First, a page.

Cutting & Welding

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Introduction

Field fabrication and welding of Ultra Tech Induction Hardened pipe can be done with an understanding of the properties and precautions. Ultra Tech Induction hardened Pipe and Fittings are engineered to resist the destructive effects of sliding solids transported by slurry or pneumatic pipelines. The resistance to abrasion is the result of an induction hardening process, that gives the pipe a hardened inner surface. This hardness of inner surface will begin to decrease as the temperature approaches 500° F (260°C). The following procedures will assist in maintaining the abrasion-resistant qualities of Ultra Tech products.

Scope

This guide covers the field welding and cutting of Ultra Tech Induction Hardened products, with and without water cooling. It is intended solely as a guide. Questions or requests for further information should be directed to Ultra Tech Engineering.

Cutting

Cutting of Ultra Tech Induction Hardened products can be accomplished with the following:

  •  Plasma cutting equipment
  • Abrasive cut-off wheel (water-cooled)
  • Oxy-fuel cutting equipment (not recommended)

When using plasma or abrasive cut-off equipment, the heat imparted to the material should be minimal and no special precautions are required. Avoid excessive temperature when using abrasive wheels. When using oxy-fuel equipment, the cut must be made in increments of 5 or 6 inches (127 or 152mm) and the pipe allowed to cool between cuts. Where possible, preheat the material for the initial cut, away from the cut line. Once the material is pierced, traverse the torch to the cut line and proceed. This will minimize heat input to the portion to be retained for use. Much less energy is required to restart the cutting process once the pipe wall is pierced. Oxy-fuel cutting is not recommended and should only be used if plasma cutting equipment or an abrasive cut-off wheel are not available. Welding This guide covers the field welding and cutting of Ultra Tech Induction Hardened products, with and without water cooling. It is intended solely as a guide. Questions or requests for further information should be directed to Ultra Tech Engineering.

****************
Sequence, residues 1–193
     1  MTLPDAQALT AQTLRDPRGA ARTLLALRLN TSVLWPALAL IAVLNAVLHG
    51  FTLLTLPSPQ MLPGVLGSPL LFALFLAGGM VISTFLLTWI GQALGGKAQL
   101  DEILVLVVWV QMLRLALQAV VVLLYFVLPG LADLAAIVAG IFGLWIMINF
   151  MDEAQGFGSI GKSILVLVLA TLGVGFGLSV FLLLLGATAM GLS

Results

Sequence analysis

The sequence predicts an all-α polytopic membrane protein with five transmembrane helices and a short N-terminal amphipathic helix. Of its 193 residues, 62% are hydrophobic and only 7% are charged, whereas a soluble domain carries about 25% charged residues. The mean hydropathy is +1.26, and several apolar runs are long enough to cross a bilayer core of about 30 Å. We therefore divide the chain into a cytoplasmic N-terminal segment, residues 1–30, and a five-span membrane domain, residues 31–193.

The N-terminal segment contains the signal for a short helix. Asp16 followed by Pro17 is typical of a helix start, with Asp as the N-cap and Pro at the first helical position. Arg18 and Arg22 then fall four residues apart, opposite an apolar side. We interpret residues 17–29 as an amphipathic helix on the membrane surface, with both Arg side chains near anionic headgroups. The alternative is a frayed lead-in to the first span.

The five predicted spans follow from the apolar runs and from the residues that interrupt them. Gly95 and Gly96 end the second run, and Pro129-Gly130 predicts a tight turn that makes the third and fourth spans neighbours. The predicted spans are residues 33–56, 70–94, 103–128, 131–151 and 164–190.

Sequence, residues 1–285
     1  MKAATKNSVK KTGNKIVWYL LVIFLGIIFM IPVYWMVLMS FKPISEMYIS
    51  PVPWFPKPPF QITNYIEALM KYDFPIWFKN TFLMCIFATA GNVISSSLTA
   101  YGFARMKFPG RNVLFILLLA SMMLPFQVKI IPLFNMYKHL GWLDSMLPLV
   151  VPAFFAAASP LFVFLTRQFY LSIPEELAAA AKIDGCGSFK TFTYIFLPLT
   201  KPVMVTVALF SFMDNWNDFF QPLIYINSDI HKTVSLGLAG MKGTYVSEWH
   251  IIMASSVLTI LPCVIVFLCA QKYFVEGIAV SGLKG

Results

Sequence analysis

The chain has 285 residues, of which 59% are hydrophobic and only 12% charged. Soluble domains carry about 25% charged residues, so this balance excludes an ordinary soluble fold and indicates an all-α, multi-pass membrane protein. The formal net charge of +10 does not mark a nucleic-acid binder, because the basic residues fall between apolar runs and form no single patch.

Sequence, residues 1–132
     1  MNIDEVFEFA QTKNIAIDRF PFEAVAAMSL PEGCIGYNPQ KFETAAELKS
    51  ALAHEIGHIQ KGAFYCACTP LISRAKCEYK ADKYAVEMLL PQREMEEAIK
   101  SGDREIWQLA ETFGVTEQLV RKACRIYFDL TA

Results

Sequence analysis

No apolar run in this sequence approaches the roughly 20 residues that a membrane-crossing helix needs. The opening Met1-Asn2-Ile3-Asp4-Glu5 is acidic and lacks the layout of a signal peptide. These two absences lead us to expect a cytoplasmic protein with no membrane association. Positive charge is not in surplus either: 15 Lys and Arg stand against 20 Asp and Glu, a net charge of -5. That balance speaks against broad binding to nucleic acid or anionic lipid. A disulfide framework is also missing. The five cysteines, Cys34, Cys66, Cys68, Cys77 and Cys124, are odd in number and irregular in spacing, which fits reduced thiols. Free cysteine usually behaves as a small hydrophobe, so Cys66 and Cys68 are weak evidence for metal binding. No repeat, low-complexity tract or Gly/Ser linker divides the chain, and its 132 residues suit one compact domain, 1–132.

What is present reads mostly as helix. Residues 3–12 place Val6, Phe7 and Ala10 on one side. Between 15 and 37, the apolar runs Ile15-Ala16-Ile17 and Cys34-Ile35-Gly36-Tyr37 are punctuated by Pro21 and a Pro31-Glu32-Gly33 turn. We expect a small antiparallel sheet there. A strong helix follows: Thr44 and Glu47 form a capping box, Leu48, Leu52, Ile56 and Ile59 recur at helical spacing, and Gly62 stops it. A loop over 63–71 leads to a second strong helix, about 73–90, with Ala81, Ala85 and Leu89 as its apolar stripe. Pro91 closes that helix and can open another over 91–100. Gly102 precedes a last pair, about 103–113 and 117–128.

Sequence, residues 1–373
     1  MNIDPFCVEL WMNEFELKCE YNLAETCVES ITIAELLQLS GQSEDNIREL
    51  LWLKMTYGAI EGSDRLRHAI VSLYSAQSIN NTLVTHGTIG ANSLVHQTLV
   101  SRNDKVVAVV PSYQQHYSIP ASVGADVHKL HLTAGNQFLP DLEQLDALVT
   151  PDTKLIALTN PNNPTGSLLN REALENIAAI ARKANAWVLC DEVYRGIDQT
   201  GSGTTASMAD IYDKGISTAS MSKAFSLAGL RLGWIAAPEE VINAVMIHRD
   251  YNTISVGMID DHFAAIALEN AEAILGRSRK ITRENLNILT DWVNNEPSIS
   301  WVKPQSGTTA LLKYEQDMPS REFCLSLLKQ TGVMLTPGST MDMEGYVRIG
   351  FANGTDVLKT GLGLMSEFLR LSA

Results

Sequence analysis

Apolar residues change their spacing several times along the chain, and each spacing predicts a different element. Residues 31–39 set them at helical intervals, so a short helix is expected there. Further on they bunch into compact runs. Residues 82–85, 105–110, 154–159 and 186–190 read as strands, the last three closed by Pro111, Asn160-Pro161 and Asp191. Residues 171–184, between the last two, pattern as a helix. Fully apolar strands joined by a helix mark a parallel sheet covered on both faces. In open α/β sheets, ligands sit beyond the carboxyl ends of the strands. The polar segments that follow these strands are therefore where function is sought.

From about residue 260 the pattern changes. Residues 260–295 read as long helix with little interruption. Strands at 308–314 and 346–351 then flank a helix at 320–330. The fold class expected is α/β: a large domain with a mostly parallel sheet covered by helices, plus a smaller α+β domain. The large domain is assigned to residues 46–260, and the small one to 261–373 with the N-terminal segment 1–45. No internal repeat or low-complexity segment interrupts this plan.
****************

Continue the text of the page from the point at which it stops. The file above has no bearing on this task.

Welding

Joint Preparation

  • Remove all slag and discolored material after cutting.
  • Inspect surfaces to be welded -avoid welding areas that have tears, cracks and other discontinuities.
  • Clean joint area at least 1/2″ (12.7mm) from welding joint; remove all loose scale, rust, moisture, grease, etc.

Fit Up

  • Bring parts into as close contact as practical; root opening should not exceed 3/16″ (4.76mm).
  • For separations greater than 1/16″ (1.58mm) , increase leg of fillet weld by the amount of the opening.

Preheat and Interpass Temperatures

  • If ambient temperature of parts is below 70° F (21°C), preheat weld zone and 6″ (152.4 mm) of adjacent material to 100 ° F (38°C).
  • Do not exceed 450 ° F (232°C) interpass temperature.

Electrodes or Wire

  •  E7018 electrode (or equivalent), 1/8″ (3.18mm) or smaller or other suitable low hydrogen electrode or filler metal should be used.

Welding With Water Cooling (Preferred Method)

  • Place welds on exterior of pipe.
  • Aim a gentle stream of water at the weld arc area inside the pipe; overflow from stream
  •  Should bathe previously welded areas.
  •  4 to 6 GPM (15 TO 22.7 L/min) water flow rate.
  •  No water in contact with exterior of pipe.
  •  ¼” (6.3mm) maximum fillet weld size (per pass) when using water cooling (stringer bead only).
  • Rotate the pipe during the welding process to eliminate excessive starting and stopping of weld.

Welding Without Water Cooling (Alternate Method, Use Only When No Water Is Available)

  • Place welds on exterior of pipe.
  • Keep weld beads as small as possible; length should not exceed 5 to 6 inches (127mm to 152.4mm).
  • Allow pipe to cool before applying additional beads.
  • Use stringer beads; avoid weaving beads.
  • Weld using multiple passes – five to six passes for 3/8″ (9.5mm) fillet welds, ten to twelve passes for 1/2″ (12.7mm) fillet welds.

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